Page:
10 Science Based Benefits of Having a Dog

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Dogs are a joy to have and can bring much happiness into your life. They can also bring many health benefits too! Just petting a dog lowers blood pressure, heart rate, slows breathing and relaxes tense muscles. Researchers at Washington State University found that even 10 minutes of petting reduces cortisol, a stress hormone.

1. Lower Blood Pressure

People who own dogs tend to have lower systolic blood pressure (the top number of your heart rate) than those without pets. Playing with a dog or other pet elevates levels of serotonin and dopamine which help calm you down and lower your triglycerides and cholesterol, and also releases the cuddle hormone oxytocin.

Studies have also found that pet owners have less cardiovascular reactivity during stressful situations. In one study, those with borderline hypertension who adopted a dog experienced significant declines in their systolic blood pressure.

2. Reduced Risk of Heart Disease

Several studies have shown that people with dogs have lower cholesterol and blood pressure. They also have a lower sympathetic response to stress and are 31% less likely to die from heart disease. The reason for this may be that dog owners get more exercise by walking their pets, especially those with hunting breeds like retrievers.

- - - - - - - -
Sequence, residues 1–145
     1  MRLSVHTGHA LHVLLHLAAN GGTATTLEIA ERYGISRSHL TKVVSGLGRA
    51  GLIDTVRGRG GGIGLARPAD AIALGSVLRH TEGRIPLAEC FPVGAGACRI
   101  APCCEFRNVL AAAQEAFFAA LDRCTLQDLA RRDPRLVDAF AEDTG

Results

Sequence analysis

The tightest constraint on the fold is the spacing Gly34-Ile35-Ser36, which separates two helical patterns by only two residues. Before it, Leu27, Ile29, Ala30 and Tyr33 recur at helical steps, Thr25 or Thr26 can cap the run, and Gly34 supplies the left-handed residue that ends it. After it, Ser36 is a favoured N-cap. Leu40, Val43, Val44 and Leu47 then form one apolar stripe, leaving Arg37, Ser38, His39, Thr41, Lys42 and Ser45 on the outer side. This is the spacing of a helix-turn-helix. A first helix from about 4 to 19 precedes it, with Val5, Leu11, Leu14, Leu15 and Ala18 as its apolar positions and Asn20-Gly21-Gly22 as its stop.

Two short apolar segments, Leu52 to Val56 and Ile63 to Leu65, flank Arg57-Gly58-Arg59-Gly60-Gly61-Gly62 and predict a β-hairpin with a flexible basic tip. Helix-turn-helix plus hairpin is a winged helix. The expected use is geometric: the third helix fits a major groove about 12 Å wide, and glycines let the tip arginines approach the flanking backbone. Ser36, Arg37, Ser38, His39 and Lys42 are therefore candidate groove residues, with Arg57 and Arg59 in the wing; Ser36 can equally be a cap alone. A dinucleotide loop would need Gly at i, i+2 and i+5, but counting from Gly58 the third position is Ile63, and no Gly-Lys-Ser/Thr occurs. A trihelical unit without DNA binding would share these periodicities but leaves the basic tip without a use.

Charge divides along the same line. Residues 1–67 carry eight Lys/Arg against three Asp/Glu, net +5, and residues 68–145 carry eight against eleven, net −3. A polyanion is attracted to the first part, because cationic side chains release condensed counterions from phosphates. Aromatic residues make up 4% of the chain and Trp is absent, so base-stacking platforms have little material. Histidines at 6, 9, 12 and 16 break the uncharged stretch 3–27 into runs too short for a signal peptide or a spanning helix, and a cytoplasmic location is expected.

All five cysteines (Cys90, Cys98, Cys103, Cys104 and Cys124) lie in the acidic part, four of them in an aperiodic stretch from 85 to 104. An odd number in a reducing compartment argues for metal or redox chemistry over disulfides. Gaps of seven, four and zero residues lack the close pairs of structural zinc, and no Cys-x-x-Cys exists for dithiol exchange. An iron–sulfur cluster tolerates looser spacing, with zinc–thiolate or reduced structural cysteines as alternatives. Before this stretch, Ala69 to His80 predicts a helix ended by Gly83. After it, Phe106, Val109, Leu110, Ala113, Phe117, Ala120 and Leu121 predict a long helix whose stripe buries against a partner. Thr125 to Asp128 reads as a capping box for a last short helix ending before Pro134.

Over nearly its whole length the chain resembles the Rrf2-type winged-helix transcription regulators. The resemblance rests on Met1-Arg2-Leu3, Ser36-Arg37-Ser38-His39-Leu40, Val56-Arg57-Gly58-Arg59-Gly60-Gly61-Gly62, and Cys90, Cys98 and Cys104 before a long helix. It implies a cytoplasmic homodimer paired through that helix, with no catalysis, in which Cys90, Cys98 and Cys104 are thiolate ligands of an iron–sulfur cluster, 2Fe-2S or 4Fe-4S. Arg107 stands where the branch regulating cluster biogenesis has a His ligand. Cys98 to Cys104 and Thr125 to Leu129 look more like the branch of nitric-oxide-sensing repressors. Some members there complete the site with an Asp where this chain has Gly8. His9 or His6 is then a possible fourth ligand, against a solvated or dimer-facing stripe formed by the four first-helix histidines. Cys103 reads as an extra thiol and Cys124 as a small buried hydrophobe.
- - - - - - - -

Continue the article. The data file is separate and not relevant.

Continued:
Petting your dog releases the natural oxytocin drug in your body, known as “the love hormone” for its calming effects. It limits the release of cortisol, which is a stressor. Understanding and addressing infectious diseases in canine and feline practice is fundamental for veterinary professionals and pet owners.

3. Reduced Risk of Depression

Dogs provide a sense of responsibility and routine, which is known to reduce depression. Additionally, they make people smile and encourage exercise. For example, dogs love to go for walks, which means their owners get regular aerobic exercise.

Snuggling up to a dog, or simply petting them, releases the hormone oxytocin. This is often described as the “natural love drug,” which lowers blood pressure and heart rate and calms tense muscles.